R. Palme Dutt

In Memory of Shapurji Saklatvala

March 28th 1874 - January 16th 1936

Source: The Labour Monthly, Vol. 18, February 1936, No. 2
Transcription: Ted Crawford
HTML Markup: Brian Reid
Public Domain: Marxists Internet Archive (2010). You may freely copy, distribute, display and perform this work; as well as make derivative and commercial works. Please credit “Marxists Internet Archive” as your source.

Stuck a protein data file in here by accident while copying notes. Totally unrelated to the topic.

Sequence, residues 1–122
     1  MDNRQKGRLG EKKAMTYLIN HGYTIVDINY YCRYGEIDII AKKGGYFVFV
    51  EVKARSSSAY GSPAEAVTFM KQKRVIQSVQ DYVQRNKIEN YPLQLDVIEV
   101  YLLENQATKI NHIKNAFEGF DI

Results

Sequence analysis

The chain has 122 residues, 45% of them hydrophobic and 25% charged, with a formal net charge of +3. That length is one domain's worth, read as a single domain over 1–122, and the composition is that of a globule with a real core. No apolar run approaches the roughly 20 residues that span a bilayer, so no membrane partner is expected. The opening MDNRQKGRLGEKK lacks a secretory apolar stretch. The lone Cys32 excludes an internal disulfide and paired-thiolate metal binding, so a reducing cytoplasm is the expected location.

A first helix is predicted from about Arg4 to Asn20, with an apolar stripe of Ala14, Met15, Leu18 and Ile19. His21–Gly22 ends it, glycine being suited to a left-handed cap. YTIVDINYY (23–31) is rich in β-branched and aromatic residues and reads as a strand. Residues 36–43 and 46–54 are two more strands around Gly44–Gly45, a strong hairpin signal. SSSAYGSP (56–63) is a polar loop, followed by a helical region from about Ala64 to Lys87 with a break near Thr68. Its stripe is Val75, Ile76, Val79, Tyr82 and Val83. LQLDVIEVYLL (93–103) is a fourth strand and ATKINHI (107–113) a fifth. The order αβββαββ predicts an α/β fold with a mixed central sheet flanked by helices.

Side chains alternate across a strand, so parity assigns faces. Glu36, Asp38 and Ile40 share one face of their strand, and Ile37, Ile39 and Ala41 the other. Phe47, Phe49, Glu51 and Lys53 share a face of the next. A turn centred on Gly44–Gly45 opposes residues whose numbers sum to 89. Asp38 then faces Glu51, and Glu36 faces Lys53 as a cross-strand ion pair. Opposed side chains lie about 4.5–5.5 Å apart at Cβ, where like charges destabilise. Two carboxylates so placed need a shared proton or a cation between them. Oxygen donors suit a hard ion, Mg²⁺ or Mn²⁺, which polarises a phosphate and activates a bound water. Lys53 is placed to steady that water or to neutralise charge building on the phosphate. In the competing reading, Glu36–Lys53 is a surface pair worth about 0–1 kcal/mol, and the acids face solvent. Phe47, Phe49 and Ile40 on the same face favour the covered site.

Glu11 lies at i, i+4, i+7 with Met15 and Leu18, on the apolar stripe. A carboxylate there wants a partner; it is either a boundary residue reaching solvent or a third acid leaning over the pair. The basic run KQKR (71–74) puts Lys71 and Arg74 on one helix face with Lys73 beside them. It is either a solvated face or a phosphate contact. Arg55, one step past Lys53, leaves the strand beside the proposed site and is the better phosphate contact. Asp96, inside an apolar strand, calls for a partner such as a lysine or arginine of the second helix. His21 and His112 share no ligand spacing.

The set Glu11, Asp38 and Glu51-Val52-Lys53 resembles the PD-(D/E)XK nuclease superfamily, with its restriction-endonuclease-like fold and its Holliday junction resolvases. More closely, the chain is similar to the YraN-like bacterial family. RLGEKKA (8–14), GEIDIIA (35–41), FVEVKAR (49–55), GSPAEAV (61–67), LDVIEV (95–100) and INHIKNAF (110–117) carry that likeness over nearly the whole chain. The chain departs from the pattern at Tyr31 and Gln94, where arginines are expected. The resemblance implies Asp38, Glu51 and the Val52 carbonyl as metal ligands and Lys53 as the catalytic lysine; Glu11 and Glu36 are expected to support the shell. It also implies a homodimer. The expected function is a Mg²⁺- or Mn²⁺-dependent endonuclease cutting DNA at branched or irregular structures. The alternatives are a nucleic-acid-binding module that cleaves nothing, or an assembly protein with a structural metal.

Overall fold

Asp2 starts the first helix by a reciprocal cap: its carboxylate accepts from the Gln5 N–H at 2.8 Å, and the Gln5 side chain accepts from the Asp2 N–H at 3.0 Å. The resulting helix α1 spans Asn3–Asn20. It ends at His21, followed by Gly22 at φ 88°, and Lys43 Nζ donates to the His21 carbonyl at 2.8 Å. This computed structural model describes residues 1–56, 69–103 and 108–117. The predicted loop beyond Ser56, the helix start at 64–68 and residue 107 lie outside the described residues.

The death of Shapurji Saklatvala removes from our midst one of the most valued contributors of the LABOUR MONTHLY since its earliest days. Shapurji Saklatvala was in the truest and highest sense a revolutionary tribune of the people, a leader of the British working class and of the exploited and subject peoples all over the world against the bondage of imperialism and for the victory of the international revolution. The British working class, to whom he devoted the twenty-six most fruitful years of his life in ceaseless labour and struggle, owes him a deep and imperishable debt. The Communist Party, whose banner he upheld from its foundation, for whom he first blazed the trail of representation in Parliament, to whose cause he gave unflinching service through all this decade and a half, owes no little of its present growing hold in the heart of the masses to his work and to his teaching. Trade Unionism has lost one of its most devoted champions, who understood as no other the unity of the trade union fight in Britain and in the Empire. In India, and among all the subject peoples of the British Empire, his name is a name of veneration. The armed might of the British Empire feared this man as no other, whose only weapon was the truth, and dared not let him tread foot in its subject territories or even among his own people in the country of his birth. Saklatvala represented an idea, which is only beginning to reach fruition, the idea of the union of the workers in the imperialist countries with the exploited masses in the colonies as the indispensable condition of victory over imperialism. To this cause he devoted his life. In him burned the true fire of revolutionary internationalism, the hatred of all oppression, the burning enthusiasm springing from the depths of love for humanity, which made him one of the greatest orators of our generation and the beloved of the masses wherever he spoke. In the history of the international revolution and in the memories of many peoples over the earth the stature of Saklatvala will grow greater as time recedes, and as the great work to which he set his hand goes forward to the victory for which he laid the foundations.